People v. Terence McCray


AD3 order dated January 17, 2013, affirming judgment of conviction. Decision below: 102 AD3d 1000, 958 NYS2d 511. McCarthy, J. (AD dissenter), granted leave March 5, 2013.

ISSUES PRESENTED: In "a classic he-said she-said" rape prosecution: (1) Whether the court erred in not turning over to defendant certain of the rape victim’s mental health records, including evidence of a prior false rape accusation, regardless of whether the documents would themselves have been admissible into evidence at trial. (2) The limitation on defense counsel’s cross of the victim about her hypersexuality. (3) Whether counsel was ineffective for failure to object to the introduction of certain evidence. (Assigned counsel: Paul J. Connolly, 2 Wedge Road, Delmar, NY 12054.)

Factual Background: McCray, accused of rape, sought disclosure of the complainant’s mental health records.  The trial court reviewed the records and deemed only a few relevant to the defense.  The case presented a classic credibility contest between the accused and the complainant concerning what had taken place during an encounter that indisputably began by mutual consent.  The complainant claimed that the initial consensual encounter eventually devolved into a violent rape.  She called 911 and police observed blood on her clothes and documented her injuries.  McCray claimed that following consensual sex the complainant had demanded money, they had fought, the complainant grabbed his pants, he tackled her and then she bit him.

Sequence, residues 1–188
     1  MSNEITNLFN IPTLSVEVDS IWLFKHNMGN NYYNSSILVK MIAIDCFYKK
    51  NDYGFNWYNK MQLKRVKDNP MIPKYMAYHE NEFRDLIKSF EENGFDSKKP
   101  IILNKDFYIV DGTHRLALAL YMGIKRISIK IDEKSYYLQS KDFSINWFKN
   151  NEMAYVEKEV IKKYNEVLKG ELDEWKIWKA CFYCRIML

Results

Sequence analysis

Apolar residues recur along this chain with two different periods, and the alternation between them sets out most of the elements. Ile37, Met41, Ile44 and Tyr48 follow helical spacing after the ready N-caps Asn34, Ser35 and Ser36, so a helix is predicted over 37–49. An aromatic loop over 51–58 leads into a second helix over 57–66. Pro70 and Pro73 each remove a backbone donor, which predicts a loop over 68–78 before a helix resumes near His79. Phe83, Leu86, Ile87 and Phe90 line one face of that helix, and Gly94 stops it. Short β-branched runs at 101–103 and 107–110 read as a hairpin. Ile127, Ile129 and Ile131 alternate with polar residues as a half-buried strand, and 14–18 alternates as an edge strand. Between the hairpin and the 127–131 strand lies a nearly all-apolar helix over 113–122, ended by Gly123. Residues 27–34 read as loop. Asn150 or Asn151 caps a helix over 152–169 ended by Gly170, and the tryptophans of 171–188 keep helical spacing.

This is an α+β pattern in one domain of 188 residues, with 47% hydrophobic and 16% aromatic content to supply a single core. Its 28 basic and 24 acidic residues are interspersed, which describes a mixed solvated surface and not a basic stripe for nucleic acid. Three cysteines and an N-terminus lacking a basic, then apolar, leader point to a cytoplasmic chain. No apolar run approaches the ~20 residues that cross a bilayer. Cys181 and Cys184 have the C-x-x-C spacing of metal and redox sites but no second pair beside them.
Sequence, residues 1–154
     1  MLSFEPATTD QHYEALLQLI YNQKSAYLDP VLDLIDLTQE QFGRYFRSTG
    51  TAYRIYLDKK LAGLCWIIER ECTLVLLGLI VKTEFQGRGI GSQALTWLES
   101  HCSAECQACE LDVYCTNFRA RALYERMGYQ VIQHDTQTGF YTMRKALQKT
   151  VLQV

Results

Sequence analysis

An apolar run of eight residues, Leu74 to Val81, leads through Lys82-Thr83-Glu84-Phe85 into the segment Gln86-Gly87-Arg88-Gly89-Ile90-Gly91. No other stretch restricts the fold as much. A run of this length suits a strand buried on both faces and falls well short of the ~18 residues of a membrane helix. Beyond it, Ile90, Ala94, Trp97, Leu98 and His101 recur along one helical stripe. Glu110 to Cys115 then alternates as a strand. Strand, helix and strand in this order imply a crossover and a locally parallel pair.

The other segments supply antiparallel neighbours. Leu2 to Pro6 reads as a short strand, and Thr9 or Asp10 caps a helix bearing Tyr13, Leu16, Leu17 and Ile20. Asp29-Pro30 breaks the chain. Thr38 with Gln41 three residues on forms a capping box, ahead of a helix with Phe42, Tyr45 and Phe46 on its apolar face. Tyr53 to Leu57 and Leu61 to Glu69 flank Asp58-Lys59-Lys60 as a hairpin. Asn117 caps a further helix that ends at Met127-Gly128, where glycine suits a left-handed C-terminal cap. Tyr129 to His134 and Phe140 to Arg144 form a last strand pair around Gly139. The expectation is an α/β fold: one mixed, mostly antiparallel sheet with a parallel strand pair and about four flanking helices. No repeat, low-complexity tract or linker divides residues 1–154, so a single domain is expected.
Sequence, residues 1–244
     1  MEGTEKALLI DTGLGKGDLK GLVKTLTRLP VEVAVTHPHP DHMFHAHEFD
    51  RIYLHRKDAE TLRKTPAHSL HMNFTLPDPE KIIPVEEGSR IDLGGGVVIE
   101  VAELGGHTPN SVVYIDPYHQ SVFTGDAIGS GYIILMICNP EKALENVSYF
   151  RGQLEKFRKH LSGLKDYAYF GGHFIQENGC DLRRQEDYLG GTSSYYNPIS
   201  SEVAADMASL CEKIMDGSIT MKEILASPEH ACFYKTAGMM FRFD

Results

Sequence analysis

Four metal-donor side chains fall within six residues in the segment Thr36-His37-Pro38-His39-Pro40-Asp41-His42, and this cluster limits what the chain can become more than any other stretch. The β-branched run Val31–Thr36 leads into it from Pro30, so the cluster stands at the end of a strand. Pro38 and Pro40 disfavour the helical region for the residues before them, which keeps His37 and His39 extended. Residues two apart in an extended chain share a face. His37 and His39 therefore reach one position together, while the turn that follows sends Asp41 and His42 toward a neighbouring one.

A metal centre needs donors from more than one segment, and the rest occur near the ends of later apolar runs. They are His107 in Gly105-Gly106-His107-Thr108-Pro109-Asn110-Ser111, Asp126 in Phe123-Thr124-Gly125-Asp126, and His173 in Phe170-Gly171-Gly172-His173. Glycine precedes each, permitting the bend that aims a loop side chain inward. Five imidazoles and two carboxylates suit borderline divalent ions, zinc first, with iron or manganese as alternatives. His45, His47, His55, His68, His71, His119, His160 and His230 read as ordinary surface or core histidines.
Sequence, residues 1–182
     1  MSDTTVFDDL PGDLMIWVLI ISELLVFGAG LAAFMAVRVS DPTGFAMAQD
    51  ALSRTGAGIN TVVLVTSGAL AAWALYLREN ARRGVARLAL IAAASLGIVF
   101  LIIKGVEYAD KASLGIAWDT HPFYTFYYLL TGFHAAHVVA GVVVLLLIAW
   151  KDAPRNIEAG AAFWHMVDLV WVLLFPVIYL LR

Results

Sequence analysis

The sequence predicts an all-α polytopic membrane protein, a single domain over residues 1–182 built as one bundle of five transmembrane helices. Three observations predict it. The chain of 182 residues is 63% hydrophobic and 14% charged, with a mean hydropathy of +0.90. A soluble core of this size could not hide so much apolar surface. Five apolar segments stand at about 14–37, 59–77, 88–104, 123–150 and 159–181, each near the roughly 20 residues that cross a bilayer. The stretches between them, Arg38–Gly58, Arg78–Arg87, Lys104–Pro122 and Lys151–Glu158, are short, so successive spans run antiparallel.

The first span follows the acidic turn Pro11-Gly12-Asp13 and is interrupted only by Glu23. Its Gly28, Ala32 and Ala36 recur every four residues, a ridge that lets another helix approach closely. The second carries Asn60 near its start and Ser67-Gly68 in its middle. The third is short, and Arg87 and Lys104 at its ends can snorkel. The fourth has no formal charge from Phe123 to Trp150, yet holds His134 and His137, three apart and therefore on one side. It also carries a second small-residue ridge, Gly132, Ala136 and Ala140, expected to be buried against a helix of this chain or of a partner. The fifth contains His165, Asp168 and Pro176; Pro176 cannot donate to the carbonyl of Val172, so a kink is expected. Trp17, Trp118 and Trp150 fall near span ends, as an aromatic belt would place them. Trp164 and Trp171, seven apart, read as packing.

Issue before the Court: Whether the trial court abused its discretion by withholding mental health records depicting that the complainant had previously accused her father of rape.  While the defense argued that the court’s withholding of the evidence deprived him of his right to confront his accuser, the Court of Appeals analyzed the case pursuant to Brady v. Maryland, 373 U.S. 83 (1963), but because the information involved confidential mental health records submitted for in camera review, the Court considered whether the trial court had abused its discretion.


Held: the trial court did not abuse its discretion by withholding portions of the mental health records which the majority deemed cumulative and of little relevance.  The majority determined that some of the undisclosed evidence concerning the complainant’s hypersexuality would have been inadmissible pursuant to the rape shield law.  The records relating to the complainant’s unsubstantiated claim of sexual abuse by her father, gave the majority “some pause” but were ultimately deemed immaterial because the nature of the allegations differed markedly from those raised against McCray.


CAL Observes: Justice Rivera, in dissent, criticized the majority’s holding that the “denial of vast amounts of revealing medical documents was proper in this case.”  In a case involving a credibility contest, it is difficult to reconcile the majority’s holding here with the Court’s prior holding in People v. Hunter, 11 N.Y.3d 1 [2008](finding a Brady violation where prosecutor failed to disclose the complainant’s report that another man had committed a similar rape).  Two factors seem to ground the majority’s reasoning.  First, the nature of the complainant’s outcry against her father and McCray were not similar in nature; second, the prosecution disclosed the confidential material to the court which conducted an independent review.  However, as the dissent points out, in a case where the outcome depends on whose version of events the jury credits, the denial of access to impeachment material of this nature endangers a defendant’s rights to due process and confrontation.